They say that the trail provides what you need, and today was no exception. Around 2:00 am I woke up and it was still pouring down rain. The last time I had cell service, my weather app indicated that it was supposed to rain until 8:00 am, so the big internal debate began. Do I set out early and march through the mud and rain to secure one of the six campsites at Gooch Mountain Shelter? Or, do I sleep in to let things dry out a bit and take the chance that I will have to walk another mile or so to find a campsite?

At 2:30 am the rain stopped abruptly. And then I heard it. At first it sounded like waves breaking on the beach. But the intensity kept increasing until it roared over the ridge line and crashed down on the tent like a tsunami. And it kept coming in wave after wave. Although I’m concerned about my tent stakes holding in the wet soil, I’m laying there with a big smile on my face. Not only has the much needed rain arrived to ensure adequate drinking from the springs, but the wind arrived just in time to dry out what was sure to be a muddy and hazardous trail.

To be clear, the wind did nothing to dry out the contents of my tent. After being pelted for 14 hours, the mist from the splashing rain had permeated the interior of the tent, coating the contents with moisture. I slept in my down pants and puffy jacket covered by my rain suit, so that was OK. But my sleeping bag and hiking clothes were going to need some attention later in the day.

Appalachian Trail

Trail Views

With the temperature at 39, I had to reach deep inside for that old Marine Corps discipline to come out of my sleeping bag and put on those cold, wet clothes. So I ate a hot breakfast, changed into my refreshing hiking outfit (Hello!), rolled my tent into a muddy ball, and hit the trail. Within 15 minutes, I was warming up, the outside air was warming up, the sun was shining, and it turned into a beautiful hiking day.

Appalachian Trail

Hawk Mountain Shelter

In .75 miles, I arrived at the Hawk Mountain Shelter and pulled in to filter some water and use the privy. Big Jim and entourage were there (I felt like Norm walking into the bar on Cheers. OnthegO!) so I visited for a while and went on to take care of business. With out revealing T.M.I., that was my first trip to the privy since Sunday night at Amicalola Lodge. Let’s just say it was quite a relief.

The hiking today was mostly in mountains covered with hardwood forests. It seems very grand because without leaves on the trees, you have decent views of all of the surrounding mountains. It gives you a much greater sense of scale than you would experience while hiking here later in the season. It also gives you a sense of foreboding when you can see what is coming, and in this case it was Sassafras Mountain. From Horse Gap, you climb 666 feet in one mile to an altitude of 3,347 feet and, as I am learning is always the case, you get to go back down the other side. It was a lot of fun, but baby I could feel the burn.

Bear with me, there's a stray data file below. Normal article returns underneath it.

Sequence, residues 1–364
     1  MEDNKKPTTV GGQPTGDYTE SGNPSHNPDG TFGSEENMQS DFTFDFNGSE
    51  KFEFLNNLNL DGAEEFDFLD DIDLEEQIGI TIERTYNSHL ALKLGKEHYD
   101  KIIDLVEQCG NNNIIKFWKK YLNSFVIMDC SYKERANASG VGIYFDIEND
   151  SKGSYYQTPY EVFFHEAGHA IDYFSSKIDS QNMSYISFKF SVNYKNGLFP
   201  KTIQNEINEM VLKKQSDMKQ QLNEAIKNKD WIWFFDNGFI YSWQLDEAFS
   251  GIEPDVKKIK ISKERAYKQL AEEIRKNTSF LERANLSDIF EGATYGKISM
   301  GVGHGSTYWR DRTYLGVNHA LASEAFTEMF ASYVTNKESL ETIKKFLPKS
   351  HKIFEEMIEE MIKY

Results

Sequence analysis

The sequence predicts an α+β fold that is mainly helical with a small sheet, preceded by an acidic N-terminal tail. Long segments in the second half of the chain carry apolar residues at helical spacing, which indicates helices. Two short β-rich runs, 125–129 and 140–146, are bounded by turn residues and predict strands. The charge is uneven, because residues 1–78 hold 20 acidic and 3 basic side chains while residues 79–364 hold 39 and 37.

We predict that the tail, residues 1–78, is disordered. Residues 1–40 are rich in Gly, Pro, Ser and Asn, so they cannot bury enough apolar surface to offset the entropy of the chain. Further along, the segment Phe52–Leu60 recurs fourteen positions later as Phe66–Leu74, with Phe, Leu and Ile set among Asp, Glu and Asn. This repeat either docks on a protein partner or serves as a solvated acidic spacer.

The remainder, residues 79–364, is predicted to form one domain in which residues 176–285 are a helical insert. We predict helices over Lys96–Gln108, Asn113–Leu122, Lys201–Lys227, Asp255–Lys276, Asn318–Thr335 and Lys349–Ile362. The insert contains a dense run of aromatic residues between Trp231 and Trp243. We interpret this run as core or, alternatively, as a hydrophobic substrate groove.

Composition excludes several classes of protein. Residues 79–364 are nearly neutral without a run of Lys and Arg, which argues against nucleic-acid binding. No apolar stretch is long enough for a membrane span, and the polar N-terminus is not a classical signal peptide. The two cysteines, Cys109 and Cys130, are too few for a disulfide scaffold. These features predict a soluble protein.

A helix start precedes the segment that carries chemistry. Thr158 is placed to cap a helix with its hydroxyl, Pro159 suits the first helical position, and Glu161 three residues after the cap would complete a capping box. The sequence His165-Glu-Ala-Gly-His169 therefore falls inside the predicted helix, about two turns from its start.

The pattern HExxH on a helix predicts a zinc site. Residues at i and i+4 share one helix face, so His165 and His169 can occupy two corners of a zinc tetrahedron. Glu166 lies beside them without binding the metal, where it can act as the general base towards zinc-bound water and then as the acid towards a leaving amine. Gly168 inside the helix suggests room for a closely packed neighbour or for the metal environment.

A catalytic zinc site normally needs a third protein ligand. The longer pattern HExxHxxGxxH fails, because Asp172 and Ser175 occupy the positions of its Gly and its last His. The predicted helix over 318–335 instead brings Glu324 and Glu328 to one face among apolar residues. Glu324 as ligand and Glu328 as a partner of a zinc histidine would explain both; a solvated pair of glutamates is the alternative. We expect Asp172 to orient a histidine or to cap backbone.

Appalachian Trail

Gooch Mountain Campsite

Arriving at the Gooch Mountain Shelter around 1:30 pm, I grabbed one of the two remaining tent sites, set up camp, and started laying all my stuff out to dry. It turns out that they are pretty lenient regarding how many people are allowed to camp here. At last count, I saw 16 tents and 5 hammocks, but if you don’t get one of the designated tent pads, you end up sleeping at some awkward inclines.

Appalachian Trail

Mother Nature & Smokestack

At the shelter, I had the pleasure of meeting Trail Ambassadors “Smokestack” (because he always smokes a pipe) and his wife “Mother Nature.”Trail Ambassadors are volunteers who help out at various locations when a Ridgerunner (a paid position of the A.M.C.) is unavailable due to time off, etc. Their responsibilities include helping hikers by providing information, maintaining camping areas, and reporting hiker statistics to the A.M.C. Smokestack is an active contributor to the A.T. Thru-hiker Class of 2017 Facebook page. They are in their 70’s, are former thru-hikers, and have been volunteering on the trail for over ten years. It was delightful listening to their stories and I’m so happy that I got to meet them.

All my gear is finally dry, but now I need it to rain on it to clean off the dried mud. On second thought, maybe I can live with it the way it is. It is supposed to dip into the high 30’s again tonight, but the wind is still, so it should be a great night to sleep. The moon is so bright that I don’t need a flashlight.